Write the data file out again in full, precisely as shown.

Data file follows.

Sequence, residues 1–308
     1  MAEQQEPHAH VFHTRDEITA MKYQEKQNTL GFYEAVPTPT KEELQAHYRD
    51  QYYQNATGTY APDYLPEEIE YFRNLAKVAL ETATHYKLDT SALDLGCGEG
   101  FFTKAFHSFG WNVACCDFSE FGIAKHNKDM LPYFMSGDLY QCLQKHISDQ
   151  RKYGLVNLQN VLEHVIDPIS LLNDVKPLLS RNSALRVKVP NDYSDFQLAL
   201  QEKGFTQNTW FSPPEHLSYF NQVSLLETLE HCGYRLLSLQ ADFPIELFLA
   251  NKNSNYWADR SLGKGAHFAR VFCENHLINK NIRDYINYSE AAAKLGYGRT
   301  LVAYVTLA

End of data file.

Sequence, residues 1–308
     1  MAEQQEPHAH VFHTRDEITA MKYQEKQNTL GFYEAVPTPT KEELQAHYRD
    51  QYYQNATGTY APDYLPEEIE YFRNLAKVAL ETATHYKLDT SALDLGCGEG
   101  FFTKAFHSFG WNVACCDFSE FGIAKHNKDM LPYFMSGDLY QCLQKHISDQ
   151  RKYGLVNLQN VLEHVIDPIS LLNDVKPLLS RNSALRVKVP NDYSDFQLAL
   201  QEKGFTQNTW FSPPEHLSYF NQVSLLETLE HCGYRLLSLQ ADFPIELFLA
   251  NKNSNYWADR SLGKGAHFAR VFCENHLINK NIRDYINYSE AAAKLGYGRT
   301  LVAYVTLA